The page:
• The University of Sydney's M.Litt. is available to students who have previously completed an MA in a relevant discipline. Students can specialise in Creative Writing, English, Theology, History, Linguistics, Museum Studies, or Peace and Conflict Studies.

The Australian National University, Monash University and the University of New England once offered the M.Litt., but have both discontinued the course. Monash, however, retained the Bachelor of Letters as a postgraduate arts degree.

Difference from other master's degrees[edit]

The main difference that distinguishes a Master of Letters from a Master of Arts is its specific nature. An M.Litt. degree, while requiring similar coursework to an M.A. degree, can be much more specific with its field and coursework. For example, an M.Litt. degree from Mary Baldwin’s Shakespeare & Performance program can qualify an individual to teach English and Theater, since the degree is essentially a hybrid between the two fields. Whereas an MA degree, while still a higher degree, usually only covers a single field without a huge amount of specificity.

References[edit]

  1. ^ "School of Law - Courses | Trinity College Dublin".
  2. ^ For example, the taught MLitt programme in History at the University of St Andrews: "Modern History MLitt - Subjects - University of St Andrews". www.st-andrews.ac.uk. Retrieved 2023-09-26.
  3. ^ For example, as offered by the University of Glasgow: "University of Glasgow - Postgraduate study - Research opportunities A-Z - English Literature". www.gla.ac.uk. Retrieved 2023-09-26.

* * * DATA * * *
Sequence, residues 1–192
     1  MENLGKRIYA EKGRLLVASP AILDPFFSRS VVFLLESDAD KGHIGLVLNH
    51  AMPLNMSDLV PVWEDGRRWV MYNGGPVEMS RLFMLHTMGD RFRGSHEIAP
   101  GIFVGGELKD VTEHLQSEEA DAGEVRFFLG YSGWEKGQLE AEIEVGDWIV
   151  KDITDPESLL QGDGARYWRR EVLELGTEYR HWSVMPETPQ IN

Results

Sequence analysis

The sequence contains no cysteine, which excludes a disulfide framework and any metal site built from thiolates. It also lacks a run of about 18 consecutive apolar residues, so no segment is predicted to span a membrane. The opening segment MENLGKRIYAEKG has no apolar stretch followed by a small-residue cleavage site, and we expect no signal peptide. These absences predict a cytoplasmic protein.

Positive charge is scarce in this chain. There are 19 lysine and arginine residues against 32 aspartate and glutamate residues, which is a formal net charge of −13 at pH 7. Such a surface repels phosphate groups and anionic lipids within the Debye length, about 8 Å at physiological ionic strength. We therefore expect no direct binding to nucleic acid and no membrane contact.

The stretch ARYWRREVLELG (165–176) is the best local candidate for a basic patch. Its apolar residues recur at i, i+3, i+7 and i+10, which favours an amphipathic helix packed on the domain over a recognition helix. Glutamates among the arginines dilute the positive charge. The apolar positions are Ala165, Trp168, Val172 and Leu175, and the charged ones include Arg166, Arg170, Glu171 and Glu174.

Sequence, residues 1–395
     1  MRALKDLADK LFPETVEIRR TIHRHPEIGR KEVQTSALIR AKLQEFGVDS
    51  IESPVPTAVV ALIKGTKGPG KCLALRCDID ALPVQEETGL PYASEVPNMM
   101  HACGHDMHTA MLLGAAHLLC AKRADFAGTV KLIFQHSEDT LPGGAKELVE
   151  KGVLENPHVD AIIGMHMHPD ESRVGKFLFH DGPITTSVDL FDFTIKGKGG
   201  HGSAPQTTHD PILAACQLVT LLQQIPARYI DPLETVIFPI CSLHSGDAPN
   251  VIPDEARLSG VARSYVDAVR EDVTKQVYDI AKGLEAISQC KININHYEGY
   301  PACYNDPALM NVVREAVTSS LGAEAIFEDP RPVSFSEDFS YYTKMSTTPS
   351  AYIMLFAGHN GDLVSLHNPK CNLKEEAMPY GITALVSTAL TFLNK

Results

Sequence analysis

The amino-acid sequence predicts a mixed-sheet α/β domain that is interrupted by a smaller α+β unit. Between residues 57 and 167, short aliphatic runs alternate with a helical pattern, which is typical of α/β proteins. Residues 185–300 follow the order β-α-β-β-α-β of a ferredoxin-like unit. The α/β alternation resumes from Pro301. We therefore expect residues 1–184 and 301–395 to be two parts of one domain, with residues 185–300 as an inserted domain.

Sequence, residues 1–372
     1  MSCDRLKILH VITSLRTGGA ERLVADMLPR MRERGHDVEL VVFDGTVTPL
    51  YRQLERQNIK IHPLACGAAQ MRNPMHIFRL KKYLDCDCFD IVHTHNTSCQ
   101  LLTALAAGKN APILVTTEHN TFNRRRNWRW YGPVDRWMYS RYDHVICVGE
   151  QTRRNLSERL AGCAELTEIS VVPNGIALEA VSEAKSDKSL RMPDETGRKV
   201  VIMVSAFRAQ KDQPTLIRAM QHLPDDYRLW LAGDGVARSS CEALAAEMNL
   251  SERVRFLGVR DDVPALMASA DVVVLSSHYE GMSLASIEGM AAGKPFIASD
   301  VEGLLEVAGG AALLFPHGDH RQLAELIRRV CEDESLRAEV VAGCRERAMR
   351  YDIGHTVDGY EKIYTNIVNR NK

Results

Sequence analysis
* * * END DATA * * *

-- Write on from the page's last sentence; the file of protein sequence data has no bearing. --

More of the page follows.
4. ^ "MLitt History". www.uhi.ac.uk. Retrieved 2023-09-26.
  5. ^ "Scottish Heritage - Online MLitt". On-demand Learning. Retrieved 2023-09-26.
  6. ^ University of Dundee
  7. ^ "Colleges - College of Social Sciences - Graduate School - Research opportunities - MLitt". University of Glasgow. Retrieved 2016-10-22.
  8. ^ "Research degrees". The University of Edinburgh. 2020-06-19. Retrieved 2023-09-26.
  9. ^ Drew University – Caspersen School of Graduate Studies. "Arts & Letters: About the Program". Retrieved 23 December 2013. Note: The thesis option requires 27 credit hours of classes (typically 9 classes) and a three-credit thesis for a total of 30 credits for completion. The non-thesis option requires 33 credits (typically 11 classes) for completion.
  10. ^ https://ogs.edu/degree-programs/[dead link]
  11. ^ The Davenant Institute, "Our Mission," https://davenantinstitute.org/about/